From the field: Managing mycotoxins

  • "Mycotoxins are really complicated to manage, and it takes a multi-faceted approach and several tools to address them." — Dr. Art Schaafsma on managing mycotoxins in corn and wheat.
Categories: 
Author: 

It is hard to believe that it is that time of year again: The combines are rolling and farmers across Canada, where I am based, are starting to pack, or have just finished packing, their bunks and silos. To better prepare producers — both livestock and grain farms — for next year’s growing season, I had the chance to discuss managing mycotoxins from the field with Dr. Art Schaafsma, a researcher at the University of Guelph, Ridgetown Campus.

 

Tell us a little bit about yourself and your work.

 

My name is Dr. Art Schaafsma, and I am a researcher at the University of Guelph, Ridgetown Campus. I have a Ph.D. in crop protection and have been involved with field crop pest management at Ridgetown for just over 30 years. My main area of emphasis and research has been mycotoxins in both corn and wheat. I look at agronomic practices, sampling, detection and how to deal with mycotoxins along the value chain.

 

 

Is there a way to mitigate the risk of mycotoxins from the field, whether during planting, growing or harvesting? If so, how?

 

Mycotoxins are really complicated to manage, and it takes a multi-faceted approach and several tools to address them.

 

The typical rotation after wheat is corn, and wheat does not seem to be as large a source of inoculum as corn is. This is seen often in minimum till and no-till systems, as there is a lot of corn residue left.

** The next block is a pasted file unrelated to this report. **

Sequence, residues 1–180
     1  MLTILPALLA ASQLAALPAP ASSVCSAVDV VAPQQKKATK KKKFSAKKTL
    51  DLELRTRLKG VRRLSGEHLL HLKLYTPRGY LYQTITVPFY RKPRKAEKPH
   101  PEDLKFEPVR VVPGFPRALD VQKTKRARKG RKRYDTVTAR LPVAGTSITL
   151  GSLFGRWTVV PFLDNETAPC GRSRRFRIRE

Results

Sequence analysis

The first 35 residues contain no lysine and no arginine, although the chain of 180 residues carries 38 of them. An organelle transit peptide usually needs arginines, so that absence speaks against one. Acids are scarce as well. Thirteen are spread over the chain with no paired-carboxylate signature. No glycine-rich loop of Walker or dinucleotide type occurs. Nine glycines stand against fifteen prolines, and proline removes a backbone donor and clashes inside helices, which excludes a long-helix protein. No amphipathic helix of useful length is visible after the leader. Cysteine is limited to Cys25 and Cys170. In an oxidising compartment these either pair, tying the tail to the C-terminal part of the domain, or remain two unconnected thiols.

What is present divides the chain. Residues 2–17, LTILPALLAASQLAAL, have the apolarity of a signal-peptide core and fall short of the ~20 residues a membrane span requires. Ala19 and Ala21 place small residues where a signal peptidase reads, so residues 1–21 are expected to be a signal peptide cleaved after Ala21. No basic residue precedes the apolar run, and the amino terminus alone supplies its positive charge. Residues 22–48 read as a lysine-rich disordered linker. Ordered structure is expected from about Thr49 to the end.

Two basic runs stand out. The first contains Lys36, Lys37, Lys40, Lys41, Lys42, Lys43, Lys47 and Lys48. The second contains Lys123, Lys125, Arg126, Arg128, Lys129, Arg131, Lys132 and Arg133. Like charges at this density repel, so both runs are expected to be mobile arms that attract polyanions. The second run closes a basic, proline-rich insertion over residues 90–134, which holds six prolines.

Some pork producers use wheat as a way to manage mycotoxins. They will grow both corn and wheat and hope that one of those crops is clean and mix them if one is not as clean. They prefer corn, but if it is a bad year, then they will sell the wheat.

 

Also, pay attention to hybrid selection and look for hybrids that are less susceptible to mycotoxins. You want to look for a hybrid that will mature on time, because if you push the hybrid, you can increase the risk of mycotoxins forming. In wheat, it is much the same when it comes to variety selection.

 

During flowering in both corn and wheat is when the crop is most susceptible to the fungi that produce mycotoxins. In order to help combat this, producers should use a fungicide spray. The only group that is available are the triazoles to control Fusarium on both corn and wheat, and it is very important to get the timing right and get good coverage.

 

In corn, it is important to control western bean cutworm and other pests that can contribute to furthering the risk of mycotoxin contamination.

 

When it comes to harvest, some producers have started to take their wheat or corn off as soon as it can be taken off so that they can then dry it. This helps because they can control how fast the grain dries to stop the infection.

 

 

During the growing season, what are some visible signs of mycotoxin contamination?

 

In wheat, it is a bit easier to see the signs of deoxynivalenol (DON) because you look for head blight symptoms. These symptoms include the spikelets looking bleached. In corn, however, it is a bit more difficult, because there are a number of different species of Fusarium, and a lot don’t produce mycotoxins.